Climate Risk And Farming Systems In Rural Cameroon
Climate risk is particularly burdensome to small-scale farmers in developing countries due to heavy dependence on natural resources, limited and erratic rainfall with high inter- and intra-annual variability, and other natural calamities. Numerous studies on climate change suggest that climate variability is expected to increase in the next few decades, and that it is likely to be severe for tropical areas. For the design of better intervention strategies that are capable to stabilize the incomes of the poor and decrease vulnerability, it is mandatory to have a good understanding of the livelihoods of rural populations, and the risks they are facing. This paper presents an approach to measuring climate risk and its impact on livelihood outcomes in fishery-dependent communities in the ya\'eres floodplain (Far North Province of Cameroon) by applying portfolio theory and stochastic dominance rules. The focus of the analysis is put on the question, how portfolio decisions of households affect income and risk in different production systems. Assuming possible future scenarios we can derive approximate predictions of the effects of climate change and rural development interventions on income and the "riskiness" of different activity portfolios. The results suggest that the diversification effect in the study area is limited due to high correlation of income flows from different activities. However, we show that development intervention strategies, which particularly aim at changing the covariation structure of income flows, are most successful in reducing risk, and potentially increasing income.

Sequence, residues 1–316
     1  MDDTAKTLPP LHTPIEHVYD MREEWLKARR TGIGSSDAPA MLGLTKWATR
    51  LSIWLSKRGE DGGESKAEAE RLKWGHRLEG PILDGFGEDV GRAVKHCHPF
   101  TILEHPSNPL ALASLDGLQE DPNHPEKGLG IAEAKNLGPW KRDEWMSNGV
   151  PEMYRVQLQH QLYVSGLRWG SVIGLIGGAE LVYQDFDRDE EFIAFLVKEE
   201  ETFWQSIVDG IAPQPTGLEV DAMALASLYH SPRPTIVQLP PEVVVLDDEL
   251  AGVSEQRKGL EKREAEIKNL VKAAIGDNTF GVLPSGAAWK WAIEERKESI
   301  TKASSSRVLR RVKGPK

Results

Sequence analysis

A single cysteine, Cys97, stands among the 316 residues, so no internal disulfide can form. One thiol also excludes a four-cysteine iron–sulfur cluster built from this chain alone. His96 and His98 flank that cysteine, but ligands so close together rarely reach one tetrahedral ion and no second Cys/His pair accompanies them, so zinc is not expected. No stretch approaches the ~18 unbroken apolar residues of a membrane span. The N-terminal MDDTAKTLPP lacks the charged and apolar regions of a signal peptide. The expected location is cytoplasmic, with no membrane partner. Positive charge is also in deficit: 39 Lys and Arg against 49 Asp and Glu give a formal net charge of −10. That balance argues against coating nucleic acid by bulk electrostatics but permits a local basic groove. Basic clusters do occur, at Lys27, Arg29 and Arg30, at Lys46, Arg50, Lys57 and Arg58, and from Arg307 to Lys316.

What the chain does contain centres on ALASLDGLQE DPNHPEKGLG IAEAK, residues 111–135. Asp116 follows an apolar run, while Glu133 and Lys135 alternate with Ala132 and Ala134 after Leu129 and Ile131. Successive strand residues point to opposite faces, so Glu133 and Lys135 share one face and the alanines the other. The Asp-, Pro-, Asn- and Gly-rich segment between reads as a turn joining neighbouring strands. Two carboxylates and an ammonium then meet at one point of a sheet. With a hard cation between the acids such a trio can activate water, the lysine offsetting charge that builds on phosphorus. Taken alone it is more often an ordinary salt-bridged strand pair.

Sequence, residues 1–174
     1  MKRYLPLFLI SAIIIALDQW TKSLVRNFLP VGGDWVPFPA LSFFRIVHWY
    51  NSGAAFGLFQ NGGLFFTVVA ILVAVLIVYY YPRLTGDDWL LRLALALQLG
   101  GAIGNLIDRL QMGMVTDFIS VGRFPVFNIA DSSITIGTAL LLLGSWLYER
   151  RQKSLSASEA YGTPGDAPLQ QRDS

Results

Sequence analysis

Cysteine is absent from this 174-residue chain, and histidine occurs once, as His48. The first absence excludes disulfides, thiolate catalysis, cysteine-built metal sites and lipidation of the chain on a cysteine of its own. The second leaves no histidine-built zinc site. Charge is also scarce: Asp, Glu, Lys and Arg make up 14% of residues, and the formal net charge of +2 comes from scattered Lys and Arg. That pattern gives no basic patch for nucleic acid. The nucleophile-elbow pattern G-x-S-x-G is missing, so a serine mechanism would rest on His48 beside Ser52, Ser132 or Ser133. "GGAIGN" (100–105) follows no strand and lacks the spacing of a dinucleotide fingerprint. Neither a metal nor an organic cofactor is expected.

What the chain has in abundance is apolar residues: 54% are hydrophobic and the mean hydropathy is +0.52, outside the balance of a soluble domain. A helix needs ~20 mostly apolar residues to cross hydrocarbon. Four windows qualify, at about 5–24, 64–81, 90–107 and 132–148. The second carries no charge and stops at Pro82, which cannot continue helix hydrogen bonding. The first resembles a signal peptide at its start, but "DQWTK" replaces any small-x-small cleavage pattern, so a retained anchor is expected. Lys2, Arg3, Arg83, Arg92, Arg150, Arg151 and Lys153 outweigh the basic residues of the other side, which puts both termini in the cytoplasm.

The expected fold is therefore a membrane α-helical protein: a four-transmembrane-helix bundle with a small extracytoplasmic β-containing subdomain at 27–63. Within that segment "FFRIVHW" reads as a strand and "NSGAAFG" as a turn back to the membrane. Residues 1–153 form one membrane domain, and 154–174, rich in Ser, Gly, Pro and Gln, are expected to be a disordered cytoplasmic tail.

|Date of creation:||Jul 2009|
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- Molua, Ernest L. & Lambi, Cornelius M., 2007. "The economic impact of climate change on agriculture in Cameroon," Policy Research Working Paper Series 4364, The World Bank.
- Kinsey, Bill & Burger, Kees & Gunning, Jan Willem, 1998. "Coping with drought in Zimbabwe: Survey evidence on responses of rural households to risk," World Development, Elsevier, vol. 26(1), pages 89-110, January.
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